China's Students Renew Protests
Rallies held on Tiananmen anniversary
BRAVELY defying iron-fisted repression, more than 1,000 university students on Monday revived the call for democracy that hundreds of protesters died for in the Beijing massacre a year ago. The student outburst was the first major antigovernment demonstration since troops and tanks swept into Tiananmen Square on June 3-4, 1989.
Chinese in Hong Kong, Taiwan, the United States, and other countries joined the Beijing students in denouncing the killings. In Hong Kong, which will revert to Chinese control in 1997, more than 100,000 people marched shouting ``We won't forget June 4.''
Students rallying at Beijing University on Monday said they wanted to shatter any illusions of hard-line Communist Party leaders about the depth of discontent with the regime.
``[Premier] Li Peng won't sleep well tonight,'' one physics graduate student laughed above the din of shouting and bottles splintering beneath dormitory windows.
In the language of Chinese politics, the smashing bottles was itself an attack on patriarch Deng Xiaoping, whose name rhymes with ``small bottle.''
``Every student is like a volcano, ready to explode,'' a graduate student of international politics told a Monitor correspondent, who witnessed the protest on the northwestern Beijing campus.
``We are not afraid,'' said the student, who was in Tiananmen Square during last year's massacre. ``People have a right to express their aspirations for freedom.''
The protest came despite the presence of thousands of helmeted paramilitary police and troops patrolling the Chinese capital in convoys.
In the heaviest security since Beijing lifted martial law in January, armed forces on 24-hour alert enforced a tense calm over the city.
After dark, police with pistols and truncheons manned checkpoints at all main intersections around Tiananmen Square, stopping Chinese and foreigners and inspecting vehicles and identification cards.
By day, police made spot checks of the bags and ID cards of Chinese walking and bicycling near the square. The giant plaza was cordoned off June 3-4 for official ceremonies, one marking the 150th anniversary of the Sino-British Opium War.
Some foreign journalists and tourists were briefly detained by police, who confiscated the videotape of at least one American tourist.
At Beijing University, students were barred from taking their protest beyond campus walls, as armed police circled the university and authorities sealed off all the gates.
``I saw police with guns go around the campus shouting `If you can get out, we'll shoot you,''' said one male undergraduate, requesting anonymity.
The spontaneous rally began at about 11 p.m. Sunday, near the time that Chinese troops and tanks entering Beijing last year opened fire on the western outskirts of Muxudi, one of the bloodiest points of the massacre.
Graduate students smashed bottles, shouted, blew whistles, and burned newspapers in an act of mourning for those killed during last year's military rampage. In school dormitory windows, the flames of candles flickered brightly in commemoration of the dead.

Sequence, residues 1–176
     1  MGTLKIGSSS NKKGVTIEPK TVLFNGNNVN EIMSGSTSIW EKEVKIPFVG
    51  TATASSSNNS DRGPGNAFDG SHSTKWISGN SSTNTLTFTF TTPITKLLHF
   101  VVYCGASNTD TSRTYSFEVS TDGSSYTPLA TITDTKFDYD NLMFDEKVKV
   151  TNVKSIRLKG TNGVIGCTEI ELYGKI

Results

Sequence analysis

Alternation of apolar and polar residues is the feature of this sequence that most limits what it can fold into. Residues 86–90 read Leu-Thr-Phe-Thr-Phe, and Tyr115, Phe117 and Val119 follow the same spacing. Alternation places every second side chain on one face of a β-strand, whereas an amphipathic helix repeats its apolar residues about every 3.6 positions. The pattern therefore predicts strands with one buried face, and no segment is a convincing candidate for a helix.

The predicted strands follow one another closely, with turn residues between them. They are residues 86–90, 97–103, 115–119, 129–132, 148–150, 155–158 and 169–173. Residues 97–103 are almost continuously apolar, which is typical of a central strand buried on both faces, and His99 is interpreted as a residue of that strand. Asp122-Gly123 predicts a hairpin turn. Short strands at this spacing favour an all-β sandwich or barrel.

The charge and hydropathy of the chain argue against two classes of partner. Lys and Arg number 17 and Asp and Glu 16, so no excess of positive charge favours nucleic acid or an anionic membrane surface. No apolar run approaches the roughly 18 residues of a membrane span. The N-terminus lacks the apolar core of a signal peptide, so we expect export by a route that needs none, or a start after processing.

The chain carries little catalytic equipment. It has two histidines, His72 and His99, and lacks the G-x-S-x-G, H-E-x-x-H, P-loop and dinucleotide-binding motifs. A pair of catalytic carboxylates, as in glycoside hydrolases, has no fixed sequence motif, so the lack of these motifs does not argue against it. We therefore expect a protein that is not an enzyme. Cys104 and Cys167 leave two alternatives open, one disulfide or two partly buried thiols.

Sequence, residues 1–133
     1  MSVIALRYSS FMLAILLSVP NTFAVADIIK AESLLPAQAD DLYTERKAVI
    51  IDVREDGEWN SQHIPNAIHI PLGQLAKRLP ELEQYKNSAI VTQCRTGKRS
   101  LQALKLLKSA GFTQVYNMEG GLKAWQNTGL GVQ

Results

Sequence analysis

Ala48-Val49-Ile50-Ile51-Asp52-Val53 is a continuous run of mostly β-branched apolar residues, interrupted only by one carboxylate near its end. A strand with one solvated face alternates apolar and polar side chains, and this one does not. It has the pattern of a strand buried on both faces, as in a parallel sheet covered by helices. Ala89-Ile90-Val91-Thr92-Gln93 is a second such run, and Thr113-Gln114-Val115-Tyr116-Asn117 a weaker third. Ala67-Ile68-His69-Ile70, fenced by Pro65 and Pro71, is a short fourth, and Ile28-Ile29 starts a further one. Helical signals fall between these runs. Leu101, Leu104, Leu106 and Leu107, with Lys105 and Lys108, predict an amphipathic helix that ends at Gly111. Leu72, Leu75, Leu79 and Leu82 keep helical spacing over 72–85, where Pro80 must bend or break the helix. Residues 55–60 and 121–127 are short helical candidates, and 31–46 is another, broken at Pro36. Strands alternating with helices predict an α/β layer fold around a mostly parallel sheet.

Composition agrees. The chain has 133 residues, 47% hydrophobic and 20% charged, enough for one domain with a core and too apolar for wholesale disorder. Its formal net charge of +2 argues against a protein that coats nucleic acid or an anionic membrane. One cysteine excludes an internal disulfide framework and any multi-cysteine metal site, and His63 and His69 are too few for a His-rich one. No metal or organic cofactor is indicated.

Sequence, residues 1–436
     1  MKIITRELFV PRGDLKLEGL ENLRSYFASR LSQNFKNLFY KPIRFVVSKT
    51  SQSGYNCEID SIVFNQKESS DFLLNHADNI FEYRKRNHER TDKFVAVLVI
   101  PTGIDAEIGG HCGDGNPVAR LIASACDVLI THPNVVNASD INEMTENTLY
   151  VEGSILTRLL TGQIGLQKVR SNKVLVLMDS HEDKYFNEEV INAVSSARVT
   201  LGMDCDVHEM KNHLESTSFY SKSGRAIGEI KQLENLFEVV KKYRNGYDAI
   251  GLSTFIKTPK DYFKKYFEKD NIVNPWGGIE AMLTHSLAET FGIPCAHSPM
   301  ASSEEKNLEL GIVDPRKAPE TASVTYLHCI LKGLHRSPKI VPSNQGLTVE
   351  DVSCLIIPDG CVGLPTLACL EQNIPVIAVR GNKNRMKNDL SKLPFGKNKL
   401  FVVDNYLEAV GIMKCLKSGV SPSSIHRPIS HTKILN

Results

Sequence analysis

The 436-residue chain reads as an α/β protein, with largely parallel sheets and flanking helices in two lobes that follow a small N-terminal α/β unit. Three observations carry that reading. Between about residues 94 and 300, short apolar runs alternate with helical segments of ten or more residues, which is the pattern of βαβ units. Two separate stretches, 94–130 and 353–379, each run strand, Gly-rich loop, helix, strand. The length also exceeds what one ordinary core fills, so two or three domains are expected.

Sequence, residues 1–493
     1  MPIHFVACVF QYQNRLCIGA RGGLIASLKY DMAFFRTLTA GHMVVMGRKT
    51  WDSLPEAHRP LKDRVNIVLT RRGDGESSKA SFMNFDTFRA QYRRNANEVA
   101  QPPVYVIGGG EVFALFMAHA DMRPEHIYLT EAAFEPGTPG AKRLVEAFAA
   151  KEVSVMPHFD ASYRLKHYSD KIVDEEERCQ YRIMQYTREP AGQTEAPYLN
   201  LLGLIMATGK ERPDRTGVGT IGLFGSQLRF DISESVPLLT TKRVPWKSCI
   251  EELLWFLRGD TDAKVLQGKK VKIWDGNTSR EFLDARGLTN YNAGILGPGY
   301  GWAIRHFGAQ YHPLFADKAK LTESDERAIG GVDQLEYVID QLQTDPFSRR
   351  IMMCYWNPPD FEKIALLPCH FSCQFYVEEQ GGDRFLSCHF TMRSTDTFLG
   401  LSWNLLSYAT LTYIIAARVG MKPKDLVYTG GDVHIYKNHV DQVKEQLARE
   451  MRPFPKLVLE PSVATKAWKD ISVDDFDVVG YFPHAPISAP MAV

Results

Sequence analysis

As the protest mounted, undergraduates spilled out of dormitories and joined a growing procession of students clapping and singing the ``Internationale,'' the anthem of last spring's democracy movement.
The raucous crowd booed and hissed at agitated school officials, drowning out the warning of Lin Yanzhi, deputy of the university party committee, that they would face ``severe punishment.''
Instead, with impassioned voices, the students denounced the Communist regime as a dictatorship and declared that one day they will win freedom and democracy.
``Last year, disaster struck not only the students, but the entire nation,'' began Li Mingqi in a speech before a hushed crowd of hundreds of students squatting and perched on a wall for posters in the center of campus.
``Socialism in China is a cruel dictatorship,'' said Li, a slight, 21-year-old junior majoring in economics. The country needs political reform and real supervision by the National People's Congress, China's parliament, he said.
``What can we do to make the government accept our demands?'' he asked the crowd gathered under a circle of yellow lamplight.
Two school authorities at that point broke in and apprehended Li, drawing an angry reaction from the crowd. After a long standoff, Li was hustled away and the crowd dispersed peacefully shortly after 2:00 a.m.
At least six Chinese, including Li, were reportedly detained for separate acts of peaceful protest during the anniversary. One man was dragged off after he unfurled a cloth banner announcing ``a new philosophy'' before a Canadian television crew.
Although some Beijing University students expressed a desire to continue protesting, others said that the lack of student organizers and tight official controls would inhibit the emergence of a new political movement.
Nevertheless, dissatisfaction with the hard-line regime remains intense and widespread.
``Socialism has failed,'' said the physics graduate student, sitting on a bunk bed in his disheveled dorm room. While the Soviet Union and Eastern European countries are adopting radical democratic and market reforms, China is lagging behind, he said to the nods of his roommates.
``If we keep socialism, we'll only grope ahead slowly,'' he added.